Time to document, preserve our history through books

Rwanda, like most other African societies is traditionally an oral society, and as such, writing and reading has eluded us despite making remarkable progress in other sectors. 
Stephen Mugisha
Stephen Mugisha

Rwanda, like most other African societies is traditionally an oral society, and as such, writing and reading has eluded us despite making remarkable progress in other sectors. 

The silent disaster that is looming as a result of our complacency and lack of concern to document our history and other forms of literature is that we shall lose our history and cultural heritage. 

Generations come and go; if we don’t write and preserve our history what reference shall we leave behind for the future generation?  I was challenged by a friend of mine recently, who told me that most of the books he had read on Rwanda were written by foreigners! 

There is causal-effect relationship between reading and writing-good readers make good writers. So, without a culture of reading shall we write? There are reasons why not writing and preserving our history and oral literature should be a concern to each of us. 

Whereas in the past, our fore parents would gather around fire places and the children would learn from the adults and in this way information, history and cultural mores would be passed on from one generation to another, such things are no longer done today.

Fire place stories have been replaced with television, video games like play stations and other technological fall offs. Parents  are busy and hardly find time to interact with our children and as long as we can provide shelter, clothes, food and pay school fees for our children we are successful parents.

We are wrong! We need to counteract the disastrous effects of technology by engaging our children in books and reading. And if we are to do this, we need relevant books and such books must be written by Rwandans themselves. 

We need enough stock-pile of books both in Kinyarwanda and foreign languages so we can tell our own stories. Particularly we need books in Kinyarwanda on cultural values and traditions to replace stories that our forebears used to teach their children on important values. 

Otherwise our children and the future generation will lose their core identities. More so, we should be concerned with the kind of literature our children are exposed to in the face of technology? A story is told about a young African boy who was accidently killed when he tried to make a bomb. He had gotten information from the internet! We might idly sit back and enjoy technology advancement, but forget its disastrous effects. For example, where as we can control the choice of books our children can read, we have no control of what programmes our children watch on Television! In light of all this, it’s time to re-invent our thinking and give a book its due glory. In the face of technology and other factors at play, can we preserve our history if we cannot write? Will writing make sense if we do not groom and develop a culture of reading? Or shall we preserve our language? I call upon the stakeholders and everyone with interest in the preservation and development of our culture and history to support and encourage indigenous authors and writers. Language is the main repository of our cultures and to preserve our language is to preserve our culture. It’s in books that our beautiful stories, heroism, poems, proverbs will be passed onto the future generations. It’s in books that stories that taught us moral lessons and peaceful co-existence can be retold to our children.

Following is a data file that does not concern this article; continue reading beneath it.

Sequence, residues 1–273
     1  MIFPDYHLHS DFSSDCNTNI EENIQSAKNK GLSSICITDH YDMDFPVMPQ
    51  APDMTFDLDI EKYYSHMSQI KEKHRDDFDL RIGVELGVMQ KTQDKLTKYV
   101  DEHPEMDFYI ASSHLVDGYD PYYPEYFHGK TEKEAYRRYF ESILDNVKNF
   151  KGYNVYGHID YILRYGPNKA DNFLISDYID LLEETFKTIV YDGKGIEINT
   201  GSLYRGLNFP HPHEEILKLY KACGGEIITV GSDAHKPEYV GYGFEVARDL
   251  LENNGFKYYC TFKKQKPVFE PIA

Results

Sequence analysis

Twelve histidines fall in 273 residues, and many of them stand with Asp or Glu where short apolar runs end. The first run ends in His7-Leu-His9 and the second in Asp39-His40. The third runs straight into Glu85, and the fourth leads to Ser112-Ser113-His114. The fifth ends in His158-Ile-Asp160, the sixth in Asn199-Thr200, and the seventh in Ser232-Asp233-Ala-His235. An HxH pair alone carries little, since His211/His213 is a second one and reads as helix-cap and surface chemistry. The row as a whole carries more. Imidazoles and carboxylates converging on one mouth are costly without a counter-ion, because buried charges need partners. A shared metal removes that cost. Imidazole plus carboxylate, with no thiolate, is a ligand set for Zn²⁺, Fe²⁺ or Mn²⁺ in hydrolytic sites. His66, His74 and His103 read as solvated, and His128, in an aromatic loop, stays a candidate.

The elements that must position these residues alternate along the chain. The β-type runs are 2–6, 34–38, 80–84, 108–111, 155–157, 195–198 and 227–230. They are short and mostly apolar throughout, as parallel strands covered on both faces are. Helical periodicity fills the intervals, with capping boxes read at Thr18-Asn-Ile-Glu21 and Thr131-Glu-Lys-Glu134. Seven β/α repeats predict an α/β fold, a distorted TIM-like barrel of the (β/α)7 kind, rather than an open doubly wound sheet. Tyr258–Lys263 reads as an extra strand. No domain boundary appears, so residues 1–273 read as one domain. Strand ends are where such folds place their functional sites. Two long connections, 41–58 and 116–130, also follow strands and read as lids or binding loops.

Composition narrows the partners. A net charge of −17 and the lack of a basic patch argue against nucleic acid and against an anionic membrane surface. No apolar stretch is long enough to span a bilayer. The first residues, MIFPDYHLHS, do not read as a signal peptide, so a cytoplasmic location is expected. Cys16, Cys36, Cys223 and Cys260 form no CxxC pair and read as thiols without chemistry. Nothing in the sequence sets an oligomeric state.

Needless to emphasise,  the current generation must take time to document the history they have made for future references. We need to hear more and more voices of men and women who shaped the destiny of this country. Without any doubt, their stories would inspire the youngsters and would be a reference for the future generations. In this way, history will have been written by the very people who made it! And the best way to preserve this history is through books. Writing a book is both self-fulfilling and inspiring, especially if the author is worth the name. It becomes self-fulfilling to the author and it inspires the reader.

Finally, at the heart of the successful incorporation and development of such initiatives and programmes is the Government. It is a state responsibility to ensure that favourable policies are designed to promote such initiatives. For example can the ministries concerned (Education/Culture and Sports) set up a writers fund to support local authors? Also the Government should ensure that there are reasonable financial allocations on an annual basis for purchase of books and developing school and community libraries. Our curricula needs to integrate creative writing and reading at the centre of teaching and learning process.  Teachers should not be taken off the hook; they determine children’s understanding, interpretation and acceptance of what they learn.

The writer is an educationist, author and publisher.

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